Keeping K-12 Cybersecure–the newsletter of the K-12 Cybersecurity Resource Center–curates the best cybersecurity and privacy news for K-12 policymakers, administrators, IT professionals, and privacy advocates. The latest edition (“A Teachable Moment“) provides information on recent updates to the K-12 Cyber Incident Map, other additions to the Resource Center, and curated news you can use.
Here’s your reading list for articles published during the first two weeks of December 2018:
- With great promise, school technology also comes with great risk. The biggest concerns: data security and privacy (“For schools, technology offers great promise, great risks“).
- A new campaign, dubbed STOLEN PENCIL (potentially originating from North Korea), has been targeting academic institutions since at least May 2018 (“STOLEN PENCIL Targets Academic Institutions“). Details and technical write-up here.
- I see your 5 reasons and raise you. I’ve got 395 reasons and counting (“Five reasons schools need to address cybersecurity now“).
- Sometimes distinguishing a new phishing attack from a more serious threat is hard (“Bitcoin scammers send bomb threats worldwide, causing evacuations” / “Nationwide Bomb Threats Look Like a New Spin on an Old Bitcoin Scam“). Targeted schools reacted with caution (“Belle Fourche School District gets bomb threat Thursday morning” / “Hoax Email Received by Colonial School District Staff Members“).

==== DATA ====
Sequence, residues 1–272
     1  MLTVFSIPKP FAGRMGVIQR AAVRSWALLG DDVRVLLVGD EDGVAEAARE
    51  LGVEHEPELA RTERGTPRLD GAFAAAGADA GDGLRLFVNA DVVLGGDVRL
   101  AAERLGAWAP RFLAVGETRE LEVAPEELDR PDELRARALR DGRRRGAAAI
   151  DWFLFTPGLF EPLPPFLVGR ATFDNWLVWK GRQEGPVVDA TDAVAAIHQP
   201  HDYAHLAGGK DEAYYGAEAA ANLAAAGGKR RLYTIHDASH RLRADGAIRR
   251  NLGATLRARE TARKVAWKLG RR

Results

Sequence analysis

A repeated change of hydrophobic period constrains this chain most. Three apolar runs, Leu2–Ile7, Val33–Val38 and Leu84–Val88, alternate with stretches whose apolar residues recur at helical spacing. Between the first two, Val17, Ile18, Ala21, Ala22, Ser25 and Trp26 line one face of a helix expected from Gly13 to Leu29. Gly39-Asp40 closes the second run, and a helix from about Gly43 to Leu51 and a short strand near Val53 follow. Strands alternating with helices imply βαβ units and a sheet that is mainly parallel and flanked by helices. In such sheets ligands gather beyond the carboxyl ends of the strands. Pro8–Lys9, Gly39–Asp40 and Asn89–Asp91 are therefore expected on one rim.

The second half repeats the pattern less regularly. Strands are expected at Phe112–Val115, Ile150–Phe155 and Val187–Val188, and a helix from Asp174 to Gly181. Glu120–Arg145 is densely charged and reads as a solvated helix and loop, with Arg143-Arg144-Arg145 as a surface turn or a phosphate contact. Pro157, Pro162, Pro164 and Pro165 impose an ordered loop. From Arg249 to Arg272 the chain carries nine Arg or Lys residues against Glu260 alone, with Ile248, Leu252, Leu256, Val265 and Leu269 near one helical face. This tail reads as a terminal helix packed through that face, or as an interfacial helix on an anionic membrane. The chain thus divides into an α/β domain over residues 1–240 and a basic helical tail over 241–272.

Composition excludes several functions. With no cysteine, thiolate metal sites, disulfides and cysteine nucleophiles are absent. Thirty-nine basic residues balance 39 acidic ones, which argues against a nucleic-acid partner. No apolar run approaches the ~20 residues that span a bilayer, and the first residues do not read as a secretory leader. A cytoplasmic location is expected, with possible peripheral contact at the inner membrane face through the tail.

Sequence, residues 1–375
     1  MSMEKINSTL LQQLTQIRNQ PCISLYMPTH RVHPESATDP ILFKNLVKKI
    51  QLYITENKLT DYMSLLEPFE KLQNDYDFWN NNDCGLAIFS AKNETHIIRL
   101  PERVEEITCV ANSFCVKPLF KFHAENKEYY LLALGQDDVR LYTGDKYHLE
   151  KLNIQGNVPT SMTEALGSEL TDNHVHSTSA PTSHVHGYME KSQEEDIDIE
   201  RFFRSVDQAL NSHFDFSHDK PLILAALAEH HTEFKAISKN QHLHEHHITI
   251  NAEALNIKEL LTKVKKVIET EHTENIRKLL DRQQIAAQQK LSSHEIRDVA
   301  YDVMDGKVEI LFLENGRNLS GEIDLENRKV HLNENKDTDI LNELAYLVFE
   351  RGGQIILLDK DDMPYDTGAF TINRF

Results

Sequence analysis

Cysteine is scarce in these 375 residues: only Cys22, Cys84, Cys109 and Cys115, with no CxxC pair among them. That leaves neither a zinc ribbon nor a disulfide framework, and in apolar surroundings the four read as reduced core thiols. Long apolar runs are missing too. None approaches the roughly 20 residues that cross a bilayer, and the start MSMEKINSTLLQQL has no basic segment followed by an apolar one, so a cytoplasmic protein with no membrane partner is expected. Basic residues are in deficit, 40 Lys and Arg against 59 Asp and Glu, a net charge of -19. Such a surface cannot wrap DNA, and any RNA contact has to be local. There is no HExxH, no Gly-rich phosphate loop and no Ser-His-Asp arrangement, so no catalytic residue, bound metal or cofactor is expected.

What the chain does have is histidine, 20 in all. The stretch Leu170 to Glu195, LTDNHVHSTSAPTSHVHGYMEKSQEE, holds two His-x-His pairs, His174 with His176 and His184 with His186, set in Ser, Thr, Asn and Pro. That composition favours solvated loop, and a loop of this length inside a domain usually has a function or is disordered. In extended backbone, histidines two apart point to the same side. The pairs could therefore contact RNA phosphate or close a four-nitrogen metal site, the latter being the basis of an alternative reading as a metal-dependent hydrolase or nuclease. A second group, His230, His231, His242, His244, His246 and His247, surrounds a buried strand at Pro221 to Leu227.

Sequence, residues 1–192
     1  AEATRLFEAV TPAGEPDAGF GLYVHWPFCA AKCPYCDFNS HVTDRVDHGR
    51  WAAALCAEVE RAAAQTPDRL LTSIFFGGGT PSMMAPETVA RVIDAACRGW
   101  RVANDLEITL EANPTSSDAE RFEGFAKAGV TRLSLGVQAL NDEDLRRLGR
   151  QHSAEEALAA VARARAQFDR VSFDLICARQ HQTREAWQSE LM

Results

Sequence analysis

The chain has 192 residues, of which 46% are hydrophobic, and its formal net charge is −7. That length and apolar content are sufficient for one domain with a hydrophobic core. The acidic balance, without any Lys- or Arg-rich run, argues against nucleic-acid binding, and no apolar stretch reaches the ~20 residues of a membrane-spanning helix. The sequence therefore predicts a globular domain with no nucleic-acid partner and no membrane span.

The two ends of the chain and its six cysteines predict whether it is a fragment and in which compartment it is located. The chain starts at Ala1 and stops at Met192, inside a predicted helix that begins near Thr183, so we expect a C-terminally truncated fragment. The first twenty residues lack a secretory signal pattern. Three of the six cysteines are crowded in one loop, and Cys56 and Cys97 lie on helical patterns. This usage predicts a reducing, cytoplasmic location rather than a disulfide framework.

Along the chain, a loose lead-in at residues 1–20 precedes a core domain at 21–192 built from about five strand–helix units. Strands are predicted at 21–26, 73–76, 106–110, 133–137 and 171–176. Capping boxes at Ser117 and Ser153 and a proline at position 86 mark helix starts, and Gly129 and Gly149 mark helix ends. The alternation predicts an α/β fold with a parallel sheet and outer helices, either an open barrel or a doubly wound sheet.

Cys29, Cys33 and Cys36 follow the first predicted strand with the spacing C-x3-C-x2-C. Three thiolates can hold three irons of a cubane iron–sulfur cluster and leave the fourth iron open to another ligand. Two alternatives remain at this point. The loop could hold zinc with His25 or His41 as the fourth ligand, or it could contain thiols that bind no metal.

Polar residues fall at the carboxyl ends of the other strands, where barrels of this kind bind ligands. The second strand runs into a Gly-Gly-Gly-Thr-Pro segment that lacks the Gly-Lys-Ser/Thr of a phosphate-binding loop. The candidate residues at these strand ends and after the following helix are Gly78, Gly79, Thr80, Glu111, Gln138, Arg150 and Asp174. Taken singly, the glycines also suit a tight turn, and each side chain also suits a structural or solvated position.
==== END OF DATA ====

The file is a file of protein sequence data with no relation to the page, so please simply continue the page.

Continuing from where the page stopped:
- In addition to customer data, employee data is at risk also, including in K-12 education. A large proportion of school cybersecurity incidents on the K-12 Cyber Incident Map involve unauthorized access to school staff data, identity theft, and tax fraud.
- From the world of edtech vendors, we have good security news (“Grammarly Takes Bug Bounty Program Public“) and bad (“Kids’ VTech tablets vulnerable to eavesdropping hackers“). Note: VTech’s track record on child privacy and security issues is weak (“Vtech settles FTC lawsuit over children’s data privacy“). Will regulators take an even firmer stand with the company? We can only hope.
- From Canada, we have two stories raising concerns about school security practices: one detailing a school cybersecurity incident (“Father says teen, other students had info hacked at GTA school“) and another on weak enforcement of existing policy (“Not all Ontario schools follow this cyber security rule“).
- Not to be outdone, from the UK we also have two stories, including one detailing a school cybersecurity incident (“Former headteacher fined £700 after dumping old pupil data on server at new school“) and another on the rise in the reporting of incidents post-GDPR (“School data security incidents rise in wake of GDPR“). Note: We should not confound the rise in the reported number of school cybersecurity incidents with an actual rise in incidents. While there is some evidence to suggest schools are facing greater risks, lax reporting requirements are more likely the reason that public awareness is only now beginning to grow.
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